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The Treasury Department has still not decided whether it will/can delay the effective date of the SECURE 2.0 rule that requires plan participants earning more than $145,000 to make their catch-up contributions on a Roth basis (i.e., after-tax contribution, tax-free withdrawals).

SECURE 2.0, enacted last year, includes the “Roth catch-up contribution” rule and makes it effective as of January 1, 2024. However, most plan sponsors have determined that they either cannot or will have great difficulty (and expense) in meeting that deadline. Many plans must be amended to allow a Roth option, and all must build the computer systems that will allow interaction between payroll and plan contribution data in order to determine who among their employees (those with wages above $145,000) will be subject to the rule.

The end result, plan sponsors say, is that if they cannot amend their plans and build their systems prior to the end of the year, they will have no choice other than to not allow

NAIFA, in conjunction with coalitions of literally hundreds of employers, retirement groups, and others, has written to both Treasury and Congress seeking a two-year delay in the 2024 effective date. The letters include a discussion of the legal grounds on which Treasury could delay enforcement of the Roth catch-up contribution rule. But, so far, Treasury has not responded to the lobbying—from both the private sector and from concerned Senators and Members of the House of Representatives.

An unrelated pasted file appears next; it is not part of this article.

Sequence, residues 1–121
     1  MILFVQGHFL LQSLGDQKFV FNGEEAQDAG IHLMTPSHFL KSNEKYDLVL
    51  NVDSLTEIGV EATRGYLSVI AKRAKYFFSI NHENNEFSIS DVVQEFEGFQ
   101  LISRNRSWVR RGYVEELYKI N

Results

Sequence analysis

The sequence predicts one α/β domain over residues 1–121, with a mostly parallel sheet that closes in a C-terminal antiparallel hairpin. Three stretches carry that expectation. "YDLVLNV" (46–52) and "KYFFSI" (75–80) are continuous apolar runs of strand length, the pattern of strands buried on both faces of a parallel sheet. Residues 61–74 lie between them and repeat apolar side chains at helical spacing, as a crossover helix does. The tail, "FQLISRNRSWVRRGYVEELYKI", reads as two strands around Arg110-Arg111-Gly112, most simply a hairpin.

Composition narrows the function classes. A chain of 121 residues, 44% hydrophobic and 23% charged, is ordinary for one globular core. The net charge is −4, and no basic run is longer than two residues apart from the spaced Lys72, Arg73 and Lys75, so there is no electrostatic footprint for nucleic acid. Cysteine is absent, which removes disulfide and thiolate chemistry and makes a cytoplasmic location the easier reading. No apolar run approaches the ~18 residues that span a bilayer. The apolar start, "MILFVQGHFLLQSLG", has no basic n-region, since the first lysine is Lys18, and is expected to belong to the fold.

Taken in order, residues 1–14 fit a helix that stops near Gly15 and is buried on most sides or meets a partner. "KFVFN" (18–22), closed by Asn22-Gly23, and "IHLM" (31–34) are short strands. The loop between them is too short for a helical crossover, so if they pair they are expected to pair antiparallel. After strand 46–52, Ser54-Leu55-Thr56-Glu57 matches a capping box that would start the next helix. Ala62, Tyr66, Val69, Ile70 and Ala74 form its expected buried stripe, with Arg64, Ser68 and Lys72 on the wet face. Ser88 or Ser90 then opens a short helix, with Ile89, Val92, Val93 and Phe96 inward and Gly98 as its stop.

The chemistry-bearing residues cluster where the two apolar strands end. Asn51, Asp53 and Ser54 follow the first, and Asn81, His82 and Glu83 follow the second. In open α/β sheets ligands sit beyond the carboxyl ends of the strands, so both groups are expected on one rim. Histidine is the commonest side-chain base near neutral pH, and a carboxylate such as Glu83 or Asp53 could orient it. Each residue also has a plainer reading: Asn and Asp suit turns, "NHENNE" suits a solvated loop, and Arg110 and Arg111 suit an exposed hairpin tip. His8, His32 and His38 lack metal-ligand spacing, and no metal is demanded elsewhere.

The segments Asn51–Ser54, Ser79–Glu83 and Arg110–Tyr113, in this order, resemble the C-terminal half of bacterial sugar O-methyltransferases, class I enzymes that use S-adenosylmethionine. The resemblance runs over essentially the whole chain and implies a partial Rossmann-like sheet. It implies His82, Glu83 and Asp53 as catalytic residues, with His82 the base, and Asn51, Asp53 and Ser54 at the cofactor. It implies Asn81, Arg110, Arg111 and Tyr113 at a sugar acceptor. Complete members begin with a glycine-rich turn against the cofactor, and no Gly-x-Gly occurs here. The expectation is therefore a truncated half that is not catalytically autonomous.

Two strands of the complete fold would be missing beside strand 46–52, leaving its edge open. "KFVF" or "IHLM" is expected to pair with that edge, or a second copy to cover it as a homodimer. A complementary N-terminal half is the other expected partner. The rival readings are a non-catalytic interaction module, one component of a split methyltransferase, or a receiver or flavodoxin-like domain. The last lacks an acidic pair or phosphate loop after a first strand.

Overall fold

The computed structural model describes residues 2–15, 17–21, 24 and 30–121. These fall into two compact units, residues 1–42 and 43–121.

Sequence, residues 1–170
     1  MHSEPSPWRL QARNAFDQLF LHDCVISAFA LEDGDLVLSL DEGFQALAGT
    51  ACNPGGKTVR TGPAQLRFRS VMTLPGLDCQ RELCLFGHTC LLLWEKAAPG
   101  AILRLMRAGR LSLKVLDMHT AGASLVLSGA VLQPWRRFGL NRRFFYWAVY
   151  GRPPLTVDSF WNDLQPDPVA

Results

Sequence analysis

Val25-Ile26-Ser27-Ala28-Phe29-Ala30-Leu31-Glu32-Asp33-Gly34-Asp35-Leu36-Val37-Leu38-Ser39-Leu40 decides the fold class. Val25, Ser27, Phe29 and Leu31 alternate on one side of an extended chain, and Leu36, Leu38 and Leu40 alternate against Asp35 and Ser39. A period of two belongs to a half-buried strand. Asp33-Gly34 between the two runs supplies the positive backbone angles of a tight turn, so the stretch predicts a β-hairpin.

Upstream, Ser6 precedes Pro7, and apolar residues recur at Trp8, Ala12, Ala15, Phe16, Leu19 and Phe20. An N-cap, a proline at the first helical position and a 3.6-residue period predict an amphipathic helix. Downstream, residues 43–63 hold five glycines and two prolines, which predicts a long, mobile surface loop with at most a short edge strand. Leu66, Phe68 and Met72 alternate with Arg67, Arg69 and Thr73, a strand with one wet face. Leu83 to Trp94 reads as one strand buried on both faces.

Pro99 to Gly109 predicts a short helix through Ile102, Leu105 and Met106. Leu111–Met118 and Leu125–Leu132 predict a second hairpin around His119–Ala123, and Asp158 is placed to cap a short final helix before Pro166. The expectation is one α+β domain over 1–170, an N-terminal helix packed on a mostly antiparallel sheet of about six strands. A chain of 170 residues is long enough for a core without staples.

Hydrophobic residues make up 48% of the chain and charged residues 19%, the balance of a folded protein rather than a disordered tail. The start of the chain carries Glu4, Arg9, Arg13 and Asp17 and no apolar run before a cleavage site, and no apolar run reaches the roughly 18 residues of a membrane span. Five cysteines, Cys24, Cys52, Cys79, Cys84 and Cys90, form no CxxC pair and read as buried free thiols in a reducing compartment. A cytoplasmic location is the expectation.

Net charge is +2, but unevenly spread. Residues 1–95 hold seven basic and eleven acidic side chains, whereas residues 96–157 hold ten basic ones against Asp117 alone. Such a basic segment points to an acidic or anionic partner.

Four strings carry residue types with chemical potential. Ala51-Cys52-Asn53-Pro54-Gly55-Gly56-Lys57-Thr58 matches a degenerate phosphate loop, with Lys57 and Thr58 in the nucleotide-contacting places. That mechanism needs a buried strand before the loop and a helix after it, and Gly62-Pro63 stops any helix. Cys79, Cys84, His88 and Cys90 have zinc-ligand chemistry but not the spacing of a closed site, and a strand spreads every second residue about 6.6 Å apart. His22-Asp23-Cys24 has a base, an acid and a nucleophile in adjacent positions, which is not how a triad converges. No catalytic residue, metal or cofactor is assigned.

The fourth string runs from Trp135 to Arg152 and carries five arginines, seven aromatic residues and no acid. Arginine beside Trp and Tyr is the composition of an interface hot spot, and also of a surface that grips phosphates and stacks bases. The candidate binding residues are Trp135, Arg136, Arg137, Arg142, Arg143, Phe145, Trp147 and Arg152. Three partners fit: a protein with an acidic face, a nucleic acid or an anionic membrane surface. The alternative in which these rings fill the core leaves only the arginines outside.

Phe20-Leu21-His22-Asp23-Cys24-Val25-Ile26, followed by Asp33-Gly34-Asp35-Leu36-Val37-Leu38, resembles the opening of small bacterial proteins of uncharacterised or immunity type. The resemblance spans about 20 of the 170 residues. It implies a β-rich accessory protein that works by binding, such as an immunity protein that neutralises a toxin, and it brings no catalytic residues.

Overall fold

The retirement community is also asking Congress to enact legislation to delay the rule’s effective date, but Hill personnel think it will be impossible to pass such legislation before year-end. They agree that legislation would be ideal but are encouraging Treasury to provide regulatory relief given the seeming impossibility of a timely enactment of corrective legislation.

Prospects: Hill insiders believe Treasury will issue “grab-bag” guidance by the end of the month, and that guidance may include some kind of statement on the effective date of the Roth catch-up contribution rule. At the moment, Treasury is being fairly tight-lipped about their thinking, but there are some indications that there might be some relief provided in the form of an extension, although possibly not for two years. One possible outcome is an announcement that Treasury will not enforce the effective date for a year. But that is speculation; it is by no means certain.

NAIFA Staff Contact: Jayne Fitzgerald – Director – Government Relations, at jfitzgerald@naifa.org.